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DEP Issues Water Supply Drought Watch

80aThe township is included in a wide swath of New Jersey that has been placed under a water supply drought watch by the state Department of Environmental Protection.

The DEP is asking residents in the area affected by the watch – all or parts of Bergen, Essex, Hudson, Hunterdon, Mercer, Middlesex, Monmouth, Morris, Ocean, Passaic, Somerset and Union counties – to voluntarily limit the amount of public water they use.

The drought watch was caused by continued decline in rainfall that have decreased reservoir, ground water and streamflow levels, according to the release.

“We have been carefully tracking precipitation, stream flows, ground water and reservoir levels since the spring and over the course of the very dry summer,” DEP Commissioner Bob Martin said in the release. “While it is not uncommon to see reduced stream flows and ground water levels by the end of the summer season, we are beginning to observe signs of stress in our water supply indicators, and this warrants closer scrutiny and public cooperation.”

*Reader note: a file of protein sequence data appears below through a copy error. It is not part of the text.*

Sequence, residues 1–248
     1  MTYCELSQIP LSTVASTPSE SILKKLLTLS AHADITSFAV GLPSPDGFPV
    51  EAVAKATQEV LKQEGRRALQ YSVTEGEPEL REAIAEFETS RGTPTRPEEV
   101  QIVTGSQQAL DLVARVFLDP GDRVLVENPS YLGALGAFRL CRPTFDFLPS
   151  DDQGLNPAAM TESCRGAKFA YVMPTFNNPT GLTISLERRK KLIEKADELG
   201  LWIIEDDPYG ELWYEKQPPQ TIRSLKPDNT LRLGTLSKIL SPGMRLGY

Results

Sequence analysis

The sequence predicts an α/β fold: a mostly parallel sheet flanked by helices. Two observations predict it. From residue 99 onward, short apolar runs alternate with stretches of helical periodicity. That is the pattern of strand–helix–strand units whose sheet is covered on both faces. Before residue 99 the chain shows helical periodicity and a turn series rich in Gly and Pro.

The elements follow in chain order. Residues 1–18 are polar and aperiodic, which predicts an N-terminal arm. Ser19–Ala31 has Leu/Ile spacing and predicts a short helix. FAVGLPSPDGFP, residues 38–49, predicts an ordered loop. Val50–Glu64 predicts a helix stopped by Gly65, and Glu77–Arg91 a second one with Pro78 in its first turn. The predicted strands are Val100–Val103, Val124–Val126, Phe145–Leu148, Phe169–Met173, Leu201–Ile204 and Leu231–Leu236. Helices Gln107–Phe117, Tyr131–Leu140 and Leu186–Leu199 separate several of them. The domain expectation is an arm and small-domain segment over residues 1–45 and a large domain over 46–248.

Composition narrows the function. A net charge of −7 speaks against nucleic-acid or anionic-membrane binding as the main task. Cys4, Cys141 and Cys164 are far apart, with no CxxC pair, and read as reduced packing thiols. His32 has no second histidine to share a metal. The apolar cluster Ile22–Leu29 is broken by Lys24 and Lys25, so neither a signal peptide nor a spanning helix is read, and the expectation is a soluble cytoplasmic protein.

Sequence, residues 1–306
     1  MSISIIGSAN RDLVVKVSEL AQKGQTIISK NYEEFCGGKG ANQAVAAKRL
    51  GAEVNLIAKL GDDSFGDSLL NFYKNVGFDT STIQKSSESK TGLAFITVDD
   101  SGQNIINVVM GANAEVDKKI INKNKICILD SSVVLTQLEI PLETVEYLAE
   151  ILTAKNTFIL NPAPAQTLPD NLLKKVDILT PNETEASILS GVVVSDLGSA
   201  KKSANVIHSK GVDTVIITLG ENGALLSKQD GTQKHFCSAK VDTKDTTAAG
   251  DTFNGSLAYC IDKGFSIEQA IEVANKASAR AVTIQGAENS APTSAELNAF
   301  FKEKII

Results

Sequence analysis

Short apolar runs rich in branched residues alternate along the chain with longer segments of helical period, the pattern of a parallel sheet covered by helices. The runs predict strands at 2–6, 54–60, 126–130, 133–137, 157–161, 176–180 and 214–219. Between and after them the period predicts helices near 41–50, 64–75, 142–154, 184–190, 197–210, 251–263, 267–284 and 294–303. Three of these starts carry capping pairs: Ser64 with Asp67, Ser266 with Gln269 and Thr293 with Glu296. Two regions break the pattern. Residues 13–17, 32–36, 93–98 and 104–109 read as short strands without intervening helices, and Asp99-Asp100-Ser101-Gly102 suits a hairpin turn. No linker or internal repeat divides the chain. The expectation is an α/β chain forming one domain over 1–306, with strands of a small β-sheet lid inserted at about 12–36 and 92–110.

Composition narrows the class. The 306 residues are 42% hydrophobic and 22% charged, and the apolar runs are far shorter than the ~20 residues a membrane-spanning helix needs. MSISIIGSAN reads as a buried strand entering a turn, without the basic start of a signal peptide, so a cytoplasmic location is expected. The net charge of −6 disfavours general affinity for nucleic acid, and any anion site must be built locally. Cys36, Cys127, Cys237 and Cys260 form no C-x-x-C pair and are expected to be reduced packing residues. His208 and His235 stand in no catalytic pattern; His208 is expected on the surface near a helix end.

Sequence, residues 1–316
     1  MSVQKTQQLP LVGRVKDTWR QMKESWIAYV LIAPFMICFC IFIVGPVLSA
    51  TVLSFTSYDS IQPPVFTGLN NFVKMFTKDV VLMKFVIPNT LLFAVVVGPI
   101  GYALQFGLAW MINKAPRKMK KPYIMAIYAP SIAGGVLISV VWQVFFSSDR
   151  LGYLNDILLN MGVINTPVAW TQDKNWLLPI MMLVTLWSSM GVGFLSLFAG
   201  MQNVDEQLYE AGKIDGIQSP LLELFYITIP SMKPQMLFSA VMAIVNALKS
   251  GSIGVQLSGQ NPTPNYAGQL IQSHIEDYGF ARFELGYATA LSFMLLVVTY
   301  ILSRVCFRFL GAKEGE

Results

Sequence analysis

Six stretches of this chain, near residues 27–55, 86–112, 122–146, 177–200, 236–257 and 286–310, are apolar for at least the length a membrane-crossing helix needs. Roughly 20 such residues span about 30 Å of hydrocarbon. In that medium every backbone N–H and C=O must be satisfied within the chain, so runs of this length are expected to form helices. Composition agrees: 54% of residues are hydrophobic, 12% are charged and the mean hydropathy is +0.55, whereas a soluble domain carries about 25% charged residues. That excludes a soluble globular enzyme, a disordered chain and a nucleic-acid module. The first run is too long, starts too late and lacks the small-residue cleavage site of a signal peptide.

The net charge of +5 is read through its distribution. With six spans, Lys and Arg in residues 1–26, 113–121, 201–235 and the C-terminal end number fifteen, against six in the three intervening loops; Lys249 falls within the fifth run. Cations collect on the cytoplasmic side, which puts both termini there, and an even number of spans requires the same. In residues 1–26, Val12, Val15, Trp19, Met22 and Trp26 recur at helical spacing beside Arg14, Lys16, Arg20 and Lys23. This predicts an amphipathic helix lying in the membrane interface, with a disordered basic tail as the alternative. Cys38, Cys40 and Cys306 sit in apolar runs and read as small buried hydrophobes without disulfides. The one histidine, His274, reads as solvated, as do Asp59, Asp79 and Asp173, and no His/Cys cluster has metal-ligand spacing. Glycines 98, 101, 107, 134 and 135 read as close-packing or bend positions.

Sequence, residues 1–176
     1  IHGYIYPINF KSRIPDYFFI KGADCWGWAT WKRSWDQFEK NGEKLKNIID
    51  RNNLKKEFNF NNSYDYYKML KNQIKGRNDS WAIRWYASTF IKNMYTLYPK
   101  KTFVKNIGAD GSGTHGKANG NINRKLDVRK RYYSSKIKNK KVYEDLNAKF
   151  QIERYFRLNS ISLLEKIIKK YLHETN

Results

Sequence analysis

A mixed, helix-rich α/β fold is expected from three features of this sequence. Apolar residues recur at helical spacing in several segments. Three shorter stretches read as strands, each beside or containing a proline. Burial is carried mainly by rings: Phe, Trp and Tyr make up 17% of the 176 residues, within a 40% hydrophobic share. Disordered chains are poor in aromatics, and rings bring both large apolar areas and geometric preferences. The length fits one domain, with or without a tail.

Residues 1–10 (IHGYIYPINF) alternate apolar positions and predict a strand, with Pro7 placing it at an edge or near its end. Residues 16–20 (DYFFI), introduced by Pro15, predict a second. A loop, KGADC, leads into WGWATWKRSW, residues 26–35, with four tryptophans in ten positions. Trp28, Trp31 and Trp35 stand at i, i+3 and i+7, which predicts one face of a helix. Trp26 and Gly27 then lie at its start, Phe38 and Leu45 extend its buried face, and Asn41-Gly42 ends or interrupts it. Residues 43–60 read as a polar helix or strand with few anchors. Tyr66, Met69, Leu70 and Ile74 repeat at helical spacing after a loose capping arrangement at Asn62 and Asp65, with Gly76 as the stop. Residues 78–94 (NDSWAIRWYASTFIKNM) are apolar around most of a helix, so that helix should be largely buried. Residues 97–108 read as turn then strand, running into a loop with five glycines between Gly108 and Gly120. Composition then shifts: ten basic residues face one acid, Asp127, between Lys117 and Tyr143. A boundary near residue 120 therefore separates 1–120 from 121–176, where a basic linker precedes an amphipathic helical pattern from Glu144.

Some suggested water conservation tips include:

  • Do not over-water lawns and landscaping. Two times per week for 30 minutes in morning or late evening typically is sufficient. Use a hose with a hand-held nozzle to water flowers and shrubs.
  • Avoid watering lawns and plants during the heat of the day, as this promotes evaporation and water waste.
  • Use a broom to sweep the sidewalk, rather than a hose.
  • To save water at home, fix leaky faucets and pipes.
  • Turn off the faucet while brushing teeth and shaving.
  • Run washing machines and dishwashers only when full.

While plentiful rains in June replenished reservoirs, stream flow and ground water sources, very dry, warm weather in July and August resulted in high water usage that has continued into September, according to the release.

If conditions remain warm and dry and water demands do not decrease, DEP will consider further regulatory actions, such as the designation of a drought warning, the release said. Under a drought warning, the DEP may order water purveyors to develop alternative sources of water or transfer of water between areas of New Jersey with relatively more water to those with less, according to the release.

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